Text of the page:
I grew up splitting time between New York and New Jersey, and up to 120 hours prior to landfall, all indications were that both of these regions would be seriously impacted regardless of the final track of Hurricane Sandy. My vantage point as an atmospheric scientist made me all too aware of the effects that a hurricane merging with a strong mid-latitude trough can bring to bear.

I knew coastal flooding was the major concern, with the storm approaching to coincide with the astronomical high tide. On top of that, Sandy generated swells in the 20- to 30-foot range.

Typically a hurricane gets steered out to sea by the jet stream when it tracks this far north. This time, however, with a strong high-pressure system providing blocking in the North Atlantic and the trough approaching the coast, these systems got close enough to merge near the coast, which strengthened Sandy right before landfall. The tilt of the trough pulled the storm westward directly at the coastline. This was the most damning part of the forecast, because the hurricane-force winds essentially piled the ocean up against the coastline all the way to landfall.

These three factors - astronomical high tide, direct hurricane impact, and fully developed seas - set the stage for historic flooding along the New Jersey coast. It was a worst-case scenario that came true.

On Sunday, I sat at my desk in Hawaii and watched the storm approach the East Coast, focusing on data from buoys, tide gauges and radar-estimated precipitation levels. Already water levels were reaching historic levels, even before the storm had turned west to slam into the coast. How high would it get?

A friend passed on an inundation map, which shows what land becomes submerged when water levels rise by a certain amount, and most of Cape May County and all the barrier islands along the coast were below the level of the projected storm surge.

A wise professor I had hated these maps because he said they don't tell the whole story and that we can build to withstand such advances in the water level. Well, he was right - kind of. Avalon and Stone Harbor have a very healthy, living dune system, complete with trees and plentiful dune grass to keep the sand in place. With an average height around 10 to 12 feet in the back dune, which rises to more than 40 feet in places, these dunes buffer the island from the full impact of the ocean.

As Sandy approached the coast on Monday, water levels at low tide were already above typical high tide due to the piling up of the water level from the storm winds. It wasn't looking good. Images started rolling into social-media sites of water rushing through neighboring island communities from the storm surge. The tides still had hours to rise, and the storm continued to approach with an anticipated landfall just north of Cape May County. But this was a blessing in disguise because the calm of the eye provided respite from the winds driving water up the beach and into the back bays, however short it was. Also, the front-right quadrant is climatologically the area of strongest winds, and thus the strongest surge potential was to the north of my home and much of Cape May County.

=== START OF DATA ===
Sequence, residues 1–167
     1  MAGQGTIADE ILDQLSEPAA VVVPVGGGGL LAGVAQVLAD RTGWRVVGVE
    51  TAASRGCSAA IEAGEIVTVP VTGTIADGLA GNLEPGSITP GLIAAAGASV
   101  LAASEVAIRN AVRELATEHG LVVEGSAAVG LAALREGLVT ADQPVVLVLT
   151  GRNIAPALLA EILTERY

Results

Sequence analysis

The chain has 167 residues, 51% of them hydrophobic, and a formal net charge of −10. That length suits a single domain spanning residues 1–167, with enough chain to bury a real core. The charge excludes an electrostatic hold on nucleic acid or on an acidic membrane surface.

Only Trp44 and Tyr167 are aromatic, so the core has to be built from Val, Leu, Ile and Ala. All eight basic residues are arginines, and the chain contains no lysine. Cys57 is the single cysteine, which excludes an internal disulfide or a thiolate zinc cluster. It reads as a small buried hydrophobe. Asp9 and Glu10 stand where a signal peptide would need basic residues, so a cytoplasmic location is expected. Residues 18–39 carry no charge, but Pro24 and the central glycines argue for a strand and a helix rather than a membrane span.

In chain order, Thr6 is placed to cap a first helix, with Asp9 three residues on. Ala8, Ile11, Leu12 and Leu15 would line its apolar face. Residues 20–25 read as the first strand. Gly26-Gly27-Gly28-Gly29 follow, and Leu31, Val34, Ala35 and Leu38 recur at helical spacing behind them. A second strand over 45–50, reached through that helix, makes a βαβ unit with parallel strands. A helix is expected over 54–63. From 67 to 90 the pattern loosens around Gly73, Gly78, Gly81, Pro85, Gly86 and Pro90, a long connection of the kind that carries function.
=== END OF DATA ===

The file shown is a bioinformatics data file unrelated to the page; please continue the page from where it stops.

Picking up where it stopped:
In the aftermath of the storm, several features appeared over and over. Huge amounts of sand washed into barrier island communities from their beaches, and homes were torn from their foundations by the storm surge that lasted hours. But none of this occurred in Avalon or Stone Harbor, only back-flooding from the bay that was enhanced by the rain. Yes, we were spared from the dreaded right-front quadrant of the storm but even Cape May saw this large surge of sand.

The one feature that separates Seven Mile Island from those that were devastated is the healthy dune system. Sure, some of these dunes were lost, but most still stand, as do the houses behind them.

I urge municipal and county planners to armor their coastlines naturally with a dune system full of trees, shrubs, and plentiful dune grass to hold the sand in place. Dunes are dynamic systems that grow and shrink, but they always buffer the full force of the ocean. Yes, oceanfront views will be lost, walks down to the beach may be longer as vegetation takes up more of the back-beach, and beaches may even become smaller as space is given over to planting dune grass. But what would you rather give up? Your house or your view?

Andre Pattantyus, a former Avalon resident now living in Hawaii, has his master's degree in meteorology and is studying toward his doctorate.